Some very real high-octane car chases have helped steer Edgar Wright's Baby Driver, which opens today, to enthusiastic reviews (98 percent fresh rating on Rotten Tomatoes). "We tried to do everything in camera; 99 percent was practical," confirmed Darrin Prescott, the film's stunt coordinator and second-unit director.
Baby Driver follows Ansel Elgort as getaway driver Baby, who drives to his own soundtrack — an idea that instantly clicked for Prescott. "When Edgar first told me about this project, I wished I had come up with it," he said. "The idea of choreographing car chases to music sounded perfect to me. And then I started thinking about how to do it. They are big moving objects. If you choreograph a fight or dance, it's contained. Cars are big and expensive and they slide."
Prescott has coordinated stunts for films from The Bourne Ultimatum to John Wick and John Wick: Chapter 2 (for which he also served as second-unit director.) His action work as second-unit director has included Captain America: Civil War as well as the upcoming Deadpool 2 and Black Panther. He's even been a stunt double for Arnold Schwarzenegger (Batman & Robin) and Hugo Weaving (The Matrix Reloaded and The Matrix Revolutions.)
Baby Driver, which was filmed on location in and around Atlanta, was lensed by director of photography Bill Pope (The Jungle Book, The Matrix), and Duane Manwiller was second-unit DP. Veteran stunt driver Jeremy Fry did most of the steering, and he also gave Elgort some training for some of the less hazardous time behind the wheel. "Ansel did some of the driving. He did great. I think he really enjoyed it," Prescott recalled.
One of the most difficult stunts in the film was what Prescott refers to as the "180 in and 180 out" — a sequence that takes place in an alley during which Fry in the red Subaru getaway car turns forward and backward in a narrow alley and between several vehicles in its path (it's in the trailer). "He was coming at 70 miles per hour. The buildings were there, the truck was there, it was all practical," Prescott said. "I had never seen anyone do that stunt before. It was big — and on this movie, we have at least five other major gags."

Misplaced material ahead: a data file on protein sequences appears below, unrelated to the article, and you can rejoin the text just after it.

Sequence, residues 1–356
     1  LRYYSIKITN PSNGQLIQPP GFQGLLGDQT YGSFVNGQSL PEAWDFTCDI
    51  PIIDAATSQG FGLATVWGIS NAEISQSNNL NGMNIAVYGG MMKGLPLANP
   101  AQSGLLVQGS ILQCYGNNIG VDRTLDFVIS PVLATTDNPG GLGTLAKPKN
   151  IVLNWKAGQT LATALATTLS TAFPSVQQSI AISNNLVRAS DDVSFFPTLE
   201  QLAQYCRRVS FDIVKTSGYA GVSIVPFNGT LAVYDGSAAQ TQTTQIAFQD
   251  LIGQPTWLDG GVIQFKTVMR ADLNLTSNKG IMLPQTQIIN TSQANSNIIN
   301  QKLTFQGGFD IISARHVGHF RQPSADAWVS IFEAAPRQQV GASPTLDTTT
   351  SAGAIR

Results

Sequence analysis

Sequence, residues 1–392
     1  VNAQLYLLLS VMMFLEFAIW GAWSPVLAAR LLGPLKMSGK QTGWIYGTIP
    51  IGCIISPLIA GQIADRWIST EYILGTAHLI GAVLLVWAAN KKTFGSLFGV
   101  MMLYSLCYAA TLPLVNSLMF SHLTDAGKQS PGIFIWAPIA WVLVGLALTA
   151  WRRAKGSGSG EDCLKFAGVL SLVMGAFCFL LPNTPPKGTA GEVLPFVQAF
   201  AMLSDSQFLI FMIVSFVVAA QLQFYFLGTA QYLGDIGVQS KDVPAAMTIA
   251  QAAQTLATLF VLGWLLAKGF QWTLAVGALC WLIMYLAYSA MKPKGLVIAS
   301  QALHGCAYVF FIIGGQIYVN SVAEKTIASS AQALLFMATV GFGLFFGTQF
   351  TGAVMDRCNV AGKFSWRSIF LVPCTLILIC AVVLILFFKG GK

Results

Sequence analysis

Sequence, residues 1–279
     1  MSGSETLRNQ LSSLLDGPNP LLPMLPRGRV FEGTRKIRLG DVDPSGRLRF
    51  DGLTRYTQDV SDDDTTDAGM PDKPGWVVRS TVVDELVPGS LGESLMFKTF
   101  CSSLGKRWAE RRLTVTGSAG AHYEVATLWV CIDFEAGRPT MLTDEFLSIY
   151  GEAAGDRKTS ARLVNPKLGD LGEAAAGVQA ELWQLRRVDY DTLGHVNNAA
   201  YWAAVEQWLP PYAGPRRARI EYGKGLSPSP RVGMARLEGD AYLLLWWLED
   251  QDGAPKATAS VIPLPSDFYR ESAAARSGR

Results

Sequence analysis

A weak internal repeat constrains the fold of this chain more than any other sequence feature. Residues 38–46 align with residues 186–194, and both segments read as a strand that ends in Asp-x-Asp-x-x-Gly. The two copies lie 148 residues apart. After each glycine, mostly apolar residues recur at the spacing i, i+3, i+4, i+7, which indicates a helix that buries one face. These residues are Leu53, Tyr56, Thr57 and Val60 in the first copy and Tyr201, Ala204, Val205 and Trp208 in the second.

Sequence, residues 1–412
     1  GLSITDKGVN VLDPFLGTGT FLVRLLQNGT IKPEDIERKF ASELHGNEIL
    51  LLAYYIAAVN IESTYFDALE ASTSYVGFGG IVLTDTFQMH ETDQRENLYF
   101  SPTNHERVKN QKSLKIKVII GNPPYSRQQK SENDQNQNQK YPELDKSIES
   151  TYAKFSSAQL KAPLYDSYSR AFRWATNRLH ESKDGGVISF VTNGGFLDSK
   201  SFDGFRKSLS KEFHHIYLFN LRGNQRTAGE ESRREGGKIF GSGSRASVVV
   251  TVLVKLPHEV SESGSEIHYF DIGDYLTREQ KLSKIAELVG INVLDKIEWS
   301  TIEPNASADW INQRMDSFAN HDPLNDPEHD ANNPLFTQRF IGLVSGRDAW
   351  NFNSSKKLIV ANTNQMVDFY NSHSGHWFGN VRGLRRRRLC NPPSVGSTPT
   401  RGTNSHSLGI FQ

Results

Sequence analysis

"It was tough to film," he continued. "I pitched the idea to Edgar, and we rehearsed in a parking lot and measured the location. We did maybe five or six takes. There's a lot going through your head. You don't want Jeremy to get hurt. Also, there's a lot of money being spent to get this on camera. The cameras needed to be out of the way so nobody would get hurt. You see it from a drone shot in the film."
In another shot from the trailer, Baby takes the wheel after a bank robbery with what Prescott calls a reverse 270 drift. "We picked a location that was conducive to the shot," he related. "We were driving forward in the camera car with the camera on an Ultimatte Arm, and Jeremy was driving in reverse. He came about six inches from the camera car. I was in the car and I thought he was going to creme us. We were sitting there waiting for the impact. We did it maybe four or five times. Jeremy is the best there is."
And then there was the challenge of setting this to music. "You are a slave to the songs," Prescott explained. "When I came on board, Edgar had done animatics (a sort of moving storyboard) for the whole car chase, set to the music. But if a move takes six seconds in the animatic, then we might go out and realize it takes 12 seconds. You have to find out where to cut the shots. That was a big challenge. We measured the location. I'd shoot a test on video, and we made a visual storyboard." He worked on this with editor Paul Machliss, who was on set. (Machliss edited the film along with Jonathan Amos.)
Saying it was a great collaboration, Prescott summed it up: "This was probably the hardest film I've done, but I'm very proud of it, and it was a pleasure to be involved in. Edgar's a genius."